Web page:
15: Superstars & Roses

Something about the South of France screams romance.  The fashion, the beautiful women, the hot days.  And something about the local train that stops every 20 minutes for a full 7 hours as it crawls along the coast screams “this sucks.”  Seeing as it was my first real train experience (passenger trains don’t exist in Kansas) I didn’t know the difference from a high-speed train to a local train.  I came to find out the difference is about 5 hours of your life.  So, CiCi and I ended up slugging along, stopping at every town, all across the North of Italy, then the South of France on our way to Provence.

As it turns out, Provence is not just an herb,… its much more than stuff you add to food.  Provence’s motto is, “rural life lived to the fullest.”  Like Sienna, no one was in a rush, they took their time to live, laugh, and love… maybe even love a little too much.

As the local train chugged through each port:  Nice, Cannes, Toulon, CiCi and I decided we would be far to distracted by the beautiful people and beaches, so we should keep our nose to the ground, and head straight to wine country to continue our “Drink Yourself Smart” mission.  That is, until, we learned from a fellow backpacker that the love of my life (at that time) was performing in Marseilles.  Enrique Iglesias, Spanish singer, and son of Julio Iglesias, had been my young adult obsession since I was 18.

It all started one tequila-soaked day in Cancun, Mexico circa March 2000.  For months before the trip, I had starved and exercised in preparation of a week full of bikinis and beaches.  I was staying with my three best friends, CiCi included, at a posh resort along Cancun’s strip.  The four of us have been friends since we were 12, and enjoyed nothing more than finding trouble.  In 2000, we were all 18 going on 27.  From our blonde highlights, latest threads, and overly-crude language, we spent the week terrorizing Cancun.

We schlepped ourselves from every popular bar and night club in the place, and had a few favorites, one being “Fat Tuesday” which had sand volleyball courts and overlooked the ocean.  It also was our best shot at fame, because MTV’s film crew was recruiting from Fat Tuesday’s crowd of coeds for their spring break special.  So, fueled on Fat Tuesday’s signature daiquiris, tequila, and courage, I screamed “SURE!” when the local MTV crew asked me if I knew how to salsa dance.  With the squealing response, I turned twice and dipped my hips to the ground displaying my hot salsa capabilities.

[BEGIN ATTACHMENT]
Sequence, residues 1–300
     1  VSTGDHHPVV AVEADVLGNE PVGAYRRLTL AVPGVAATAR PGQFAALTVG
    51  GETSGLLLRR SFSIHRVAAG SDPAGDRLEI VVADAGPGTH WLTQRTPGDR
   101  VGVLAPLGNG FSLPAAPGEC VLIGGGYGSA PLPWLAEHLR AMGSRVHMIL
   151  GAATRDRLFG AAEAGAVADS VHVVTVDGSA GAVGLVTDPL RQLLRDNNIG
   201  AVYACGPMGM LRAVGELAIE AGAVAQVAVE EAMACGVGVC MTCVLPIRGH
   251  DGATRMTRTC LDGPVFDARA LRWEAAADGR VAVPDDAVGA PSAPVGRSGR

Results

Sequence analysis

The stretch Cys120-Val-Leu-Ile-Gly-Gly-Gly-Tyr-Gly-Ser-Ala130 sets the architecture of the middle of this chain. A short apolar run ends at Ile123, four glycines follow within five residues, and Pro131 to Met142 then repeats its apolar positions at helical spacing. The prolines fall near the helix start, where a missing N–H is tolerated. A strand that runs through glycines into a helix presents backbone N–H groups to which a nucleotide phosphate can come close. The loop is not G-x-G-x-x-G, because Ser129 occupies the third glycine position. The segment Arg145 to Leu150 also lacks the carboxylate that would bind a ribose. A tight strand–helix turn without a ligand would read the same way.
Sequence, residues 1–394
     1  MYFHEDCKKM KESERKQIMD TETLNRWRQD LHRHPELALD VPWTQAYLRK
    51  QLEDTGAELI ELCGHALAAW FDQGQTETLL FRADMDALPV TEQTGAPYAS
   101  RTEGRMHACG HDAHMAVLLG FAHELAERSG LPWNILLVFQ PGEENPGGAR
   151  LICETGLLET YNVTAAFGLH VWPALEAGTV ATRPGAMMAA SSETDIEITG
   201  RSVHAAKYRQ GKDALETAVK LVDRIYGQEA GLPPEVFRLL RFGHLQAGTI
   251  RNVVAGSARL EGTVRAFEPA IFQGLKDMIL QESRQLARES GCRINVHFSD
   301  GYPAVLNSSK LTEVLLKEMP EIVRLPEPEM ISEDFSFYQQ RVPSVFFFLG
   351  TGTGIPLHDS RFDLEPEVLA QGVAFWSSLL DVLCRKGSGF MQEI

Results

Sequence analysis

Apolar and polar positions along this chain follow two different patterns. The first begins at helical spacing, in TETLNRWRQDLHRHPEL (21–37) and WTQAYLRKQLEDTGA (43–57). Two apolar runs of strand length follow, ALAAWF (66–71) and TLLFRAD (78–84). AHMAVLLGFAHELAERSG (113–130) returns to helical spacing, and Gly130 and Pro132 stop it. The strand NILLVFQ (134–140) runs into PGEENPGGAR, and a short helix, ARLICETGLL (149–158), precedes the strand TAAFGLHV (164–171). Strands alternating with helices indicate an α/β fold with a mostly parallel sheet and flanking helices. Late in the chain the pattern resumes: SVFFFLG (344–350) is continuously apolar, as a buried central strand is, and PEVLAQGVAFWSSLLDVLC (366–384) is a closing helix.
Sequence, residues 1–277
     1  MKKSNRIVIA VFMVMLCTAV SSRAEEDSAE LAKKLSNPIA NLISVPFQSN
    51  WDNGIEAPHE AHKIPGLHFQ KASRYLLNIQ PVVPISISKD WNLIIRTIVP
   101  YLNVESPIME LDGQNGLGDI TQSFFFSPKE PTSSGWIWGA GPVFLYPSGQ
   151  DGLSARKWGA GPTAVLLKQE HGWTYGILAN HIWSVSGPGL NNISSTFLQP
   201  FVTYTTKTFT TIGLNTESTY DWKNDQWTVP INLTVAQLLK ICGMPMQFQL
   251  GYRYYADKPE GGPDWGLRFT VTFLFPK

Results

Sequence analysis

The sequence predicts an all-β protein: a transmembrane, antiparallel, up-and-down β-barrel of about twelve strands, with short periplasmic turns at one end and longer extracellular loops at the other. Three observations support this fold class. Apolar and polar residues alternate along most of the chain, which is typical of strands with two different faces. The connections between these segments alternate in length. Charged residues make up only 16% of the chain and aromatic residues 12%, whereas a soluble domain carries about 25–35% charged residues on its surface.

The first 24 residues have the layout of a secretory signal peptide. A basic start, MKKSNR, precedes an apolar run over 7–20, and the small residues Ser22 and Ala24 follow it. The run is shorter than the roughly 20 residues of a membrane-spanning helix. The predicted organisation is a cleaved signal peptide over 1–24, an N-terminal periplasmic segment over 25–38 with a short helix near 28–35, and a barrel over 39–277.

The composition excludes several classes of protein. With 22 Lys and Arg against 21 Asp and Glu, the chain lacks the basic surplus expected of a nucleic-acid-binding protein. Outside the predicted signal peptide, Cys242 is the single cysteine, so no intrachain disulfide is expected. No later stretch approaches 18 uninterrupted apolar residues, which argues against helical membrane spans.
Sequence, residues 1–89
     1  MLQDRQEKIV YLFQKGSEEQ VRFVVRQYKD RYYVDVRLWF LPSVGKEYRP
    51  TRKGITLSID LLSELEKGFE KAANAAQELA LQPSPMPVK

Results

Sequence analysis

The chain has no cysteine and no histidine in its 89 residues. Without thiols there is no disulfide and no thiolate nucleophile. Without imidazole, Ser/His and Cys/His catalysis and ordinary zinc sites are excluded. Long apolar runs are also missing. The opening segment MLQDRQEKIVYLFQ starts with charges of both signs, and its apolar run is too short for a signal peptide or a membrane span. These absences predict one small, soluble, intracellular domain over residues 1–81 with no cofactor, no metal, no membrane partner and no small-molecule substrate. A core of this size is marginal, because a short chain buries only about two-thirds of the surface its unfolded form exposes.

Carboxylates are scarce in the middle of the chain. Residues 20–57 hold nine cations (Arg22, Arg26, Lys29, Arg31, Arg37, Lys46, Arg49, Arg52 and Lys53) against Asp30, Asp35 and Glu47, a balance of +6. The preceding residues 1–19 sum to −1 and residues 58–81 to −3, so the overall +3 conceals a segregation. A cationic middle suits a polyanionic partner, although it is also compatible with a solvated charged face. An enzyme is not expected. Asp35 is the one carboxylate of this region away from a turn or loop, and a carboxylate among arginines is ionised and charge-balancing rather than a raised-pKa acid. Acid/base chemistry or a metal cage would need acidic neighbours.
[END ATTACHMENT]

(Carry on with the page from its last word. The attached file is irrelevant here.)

The producers were looking for contestants to be on a 30-minute show called, “Win A Dream Date With Enrique Igelsias,” and I was exactly what they were looking for: young, blonde, and willing to make a total ass of myself.  The next thing I know, I was being convinced to dive in a pool of suds with only my string bikini on, hunting for an Enrique Iglesias C.D.  God, I was classy.

Low and behold, my 6-foot limbs caught hold of one, and I was, “on to the next round.”  The next round meant I had to learn a cheesy dance, humiliate myself in front of my peers, and be asked on national television something no person should be asked with only 30 seconds to prepare: “What is one sexy thing, you and only you can do?”

There I was.  High heels.  String bikini.  300 screaming coeds, 12 cameras, and Carson Daly holding a microphone in my face.  Sexy?  Shit! Shit! Shit! … Uh, chugging beer is not sexy, I thought to myself.  With a twirl of my hair, the next best thing came to mind, “Uh, my hip flexers, are like, retarded.”

I paused as I thought to myself “Not only do I sound dumb as shit, I’m sure ‘retarded’ is not a politically correct word.”  Oh well, it was too late, so I continued with the self-ambush, “I can take both my legs and put them behind my head.”  Wow!  I thought, did I really just say that?

And with that sentence, the crowd erupted, demanding that I show and tell.  Carson Daly, not much help, only commented, “If you say it, you’ve got to do it.”  So, standing on one leg, I grabbed the bottom of my right high heel and stretched it behind my head, leaving the crowd with a total bikini-ass shot.  It wasn’t my proudest moment, but one that my three best friends would not let me live down for a very long time.